Brexit jargon: What is a Tariff Rate Quota and how does it work?

Tariff Rate Quota (TRQ) is a technical term that is used by countries involved in trade negotiations.

A TRQ means that when one country engages in a trade agreement with another, provision is made for the host country to manage access.

It subsequently creates access to the market but the access is not free.

Trading goods

Speaking to AgriLand, economist and research officer with Teagasc, Dr. Kevin Hanrahan, said a TRQ was a statement to trading partners that allowed one partner to provide the other partner with ‘X’ amount of tonnes of produce, but that goods provided below the quota “would be subject to a tariff”.

Hanrahan says there are two types of TRQ. One is open to all interested parties; the other is known as a bilateral (historical) TRQ.

He then went on to describe how, before the EEC was formed in the 1970s, a trade agreement was established by the UK with New Zealand so Britain could gain access to large quantities of frozen lamb without too much difficulty.

Access to markets

Meanwhile, the EEC was established, and the EU – as it is now known – went on then to determine the benefits of also having access to the New Zealand lamb market.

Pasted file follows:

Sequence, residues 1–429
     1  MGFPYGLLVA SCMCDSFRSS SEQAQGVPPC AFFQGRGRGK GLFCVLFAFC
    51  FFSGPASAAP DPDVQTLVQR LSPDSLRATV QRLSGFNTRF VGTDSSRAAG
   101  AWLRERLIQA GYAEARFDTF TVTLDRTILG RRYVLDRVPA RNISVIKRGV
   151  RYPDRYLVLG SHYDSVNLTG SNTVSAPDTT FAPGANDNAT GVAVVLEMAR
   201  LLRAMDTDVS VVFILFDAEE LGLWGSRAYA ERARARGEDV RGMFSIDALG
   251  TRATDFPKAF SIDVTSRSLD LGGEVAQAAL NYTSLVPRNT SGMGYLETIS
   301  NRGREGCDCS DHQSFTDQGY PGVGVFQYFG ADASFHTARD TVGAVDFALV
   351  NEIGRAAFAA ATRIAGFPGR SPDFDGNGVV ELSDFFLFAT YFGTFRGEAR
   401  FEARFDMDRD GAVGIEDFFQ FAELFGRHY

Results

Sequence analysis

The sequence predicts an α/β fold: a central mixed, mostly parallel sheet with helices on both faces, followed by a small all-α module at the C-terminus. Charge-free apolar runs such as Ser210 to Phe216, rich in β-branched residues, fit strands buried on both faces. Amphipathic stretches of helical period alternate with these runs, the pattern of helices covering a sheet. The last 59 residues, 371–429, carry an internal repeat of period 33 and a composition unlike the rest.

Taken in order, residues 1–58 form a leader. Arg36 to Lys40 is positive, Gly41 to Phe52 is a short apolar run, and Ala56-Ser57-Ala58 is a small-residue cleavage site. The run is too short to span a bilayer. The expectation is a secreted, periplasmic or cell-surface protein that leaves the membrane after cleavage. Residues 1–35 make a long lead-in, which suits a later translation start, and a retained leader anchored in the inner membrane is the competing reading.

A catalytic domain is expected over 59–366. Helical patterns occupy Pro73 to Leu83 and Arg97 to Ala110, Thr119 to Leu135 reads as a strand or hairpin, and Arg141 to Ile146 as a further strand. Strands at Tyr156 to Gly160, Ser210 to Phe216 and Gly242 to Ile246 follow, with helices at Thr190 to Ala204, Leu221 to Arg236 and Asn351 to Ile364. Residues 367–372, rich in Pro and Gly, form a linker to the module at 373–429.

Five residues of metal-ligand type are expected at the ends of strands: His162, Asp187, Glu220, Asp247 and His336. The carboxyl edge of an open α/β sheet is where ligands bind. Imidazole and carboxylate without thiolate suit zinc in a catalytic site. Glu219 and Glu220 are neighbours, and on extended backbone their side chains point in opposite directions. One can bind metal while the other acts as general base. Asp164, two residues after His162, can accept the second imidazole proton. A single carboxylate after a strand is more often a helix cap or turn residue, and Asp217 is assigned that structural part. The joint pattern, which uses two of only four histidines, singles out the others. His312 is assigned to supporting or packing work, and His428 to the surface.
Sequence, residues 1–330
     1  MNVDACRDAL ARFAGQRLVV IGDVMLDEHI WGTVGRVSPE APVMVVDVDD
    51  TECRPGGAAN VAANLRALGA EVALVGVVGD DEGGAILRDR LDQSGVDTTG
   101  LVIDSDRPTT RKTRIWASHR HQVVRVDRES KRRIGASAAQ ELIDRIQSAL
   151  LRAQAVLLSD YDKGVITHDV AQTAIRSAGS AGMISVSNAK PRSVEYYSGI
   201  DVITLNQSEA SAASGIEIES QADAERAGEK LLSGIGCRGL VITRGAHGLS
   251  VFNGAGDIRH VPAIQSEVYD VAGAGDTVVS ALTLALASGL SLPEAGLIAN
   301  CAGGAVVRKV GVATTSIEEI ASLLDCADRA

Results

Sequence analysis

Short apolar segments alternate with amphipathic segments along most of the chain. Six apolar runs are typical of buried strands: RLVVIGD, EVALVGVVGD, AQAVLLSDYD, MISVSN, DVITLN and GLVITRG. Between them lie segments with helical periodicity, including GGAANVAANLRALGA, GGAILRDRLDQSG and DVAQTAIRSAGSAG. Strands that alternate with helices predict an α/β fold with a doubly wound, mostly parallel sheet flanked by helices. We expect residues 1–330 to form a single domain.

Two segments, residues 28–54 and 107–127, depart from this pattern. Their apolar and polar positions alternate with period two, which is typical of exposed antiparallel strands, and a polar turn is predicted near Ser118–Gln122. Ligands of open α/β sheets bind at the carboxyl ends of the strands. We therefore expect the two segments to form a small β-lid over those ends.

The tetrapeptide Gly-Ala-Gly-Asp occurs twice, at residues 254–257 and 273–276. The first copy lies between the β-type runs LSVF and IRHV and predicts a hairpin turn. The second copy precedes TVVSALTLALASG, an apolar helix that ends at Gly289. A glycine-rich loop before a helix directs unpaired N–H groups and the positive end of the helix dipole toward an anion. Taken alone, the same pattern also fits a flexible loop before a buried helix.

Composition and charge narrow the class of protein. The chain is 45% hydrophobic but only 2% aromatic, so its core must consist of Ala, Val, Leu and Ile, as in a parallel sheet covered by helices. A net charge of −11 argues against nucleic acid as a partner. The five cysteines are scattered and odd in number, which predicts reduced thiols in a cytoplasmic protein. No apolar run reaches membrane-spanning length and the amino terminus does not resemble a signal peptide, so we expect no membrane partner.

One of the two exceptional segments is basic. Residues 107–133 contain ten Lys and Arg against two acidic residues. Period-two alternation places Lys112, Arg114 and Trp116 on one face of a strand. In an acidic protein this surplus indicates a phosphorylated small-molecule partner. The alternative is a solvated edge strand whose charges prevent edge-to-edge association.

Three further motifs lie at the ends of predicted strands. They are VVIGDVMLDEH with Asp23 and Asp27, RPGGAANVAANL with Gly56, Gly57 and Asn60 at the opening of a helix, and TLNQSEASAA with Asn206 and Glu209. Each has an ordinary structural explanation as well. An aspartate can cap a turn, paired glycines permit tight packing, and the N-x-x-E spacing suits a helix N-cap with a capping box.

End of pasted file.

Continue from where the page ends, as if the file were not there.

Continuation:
As a result, says Hanrahan, a TRQ was introduced by the EU “so it could come in with a historical trading partner and access the necessary market”.

He added: “With regard to the other TRQ – the one that is open to everyone – if, after Brexit, the UK was to in fact introduce this it would mean that Ireland would be faced with a scenario where it would be competing under the TRQ against other beef producers, and exporters already shipping produce into the EU.”

Also Read: Brexit: Tariffs could force Irish beef farmers out of the British market

Standards

The Teagasc economist went on to say that the beef producers, in this case, are predominantly South American.

There has been controversy about Brazilian beef and whether or not it is meeting EU standards, but only certified meat plants in Brazil are allowed to export meat into the EU.

He continued: “We know that Irish exporters meet the standards but, also, meat plants already exporting to the EU are meeting the standards in the UK too.

“Then there is the ‘higher end’ quality and this would also include Argentinian beef and there is a willingness to get this beef to UK customers.”

Hanrahan also told AgriLand that TRQs cannot be determined until the UK announces its agricultural policy proposals – a scenario that is expected to happen later today (February 21).  He also says that the onus of responsibility, in terms of setting the tariff, lies with the UK alone.

It  is entirely up to the UK what tariffs it does apply; it could be very little or it could be similar to that of the EU. We don’t know yet.

He concluded: “None of this makes the prospect of a no-deal any easier for the farmer with a shed full of cattle in Longford or Cork; in fact, what exactly it does mean still has to be determined.”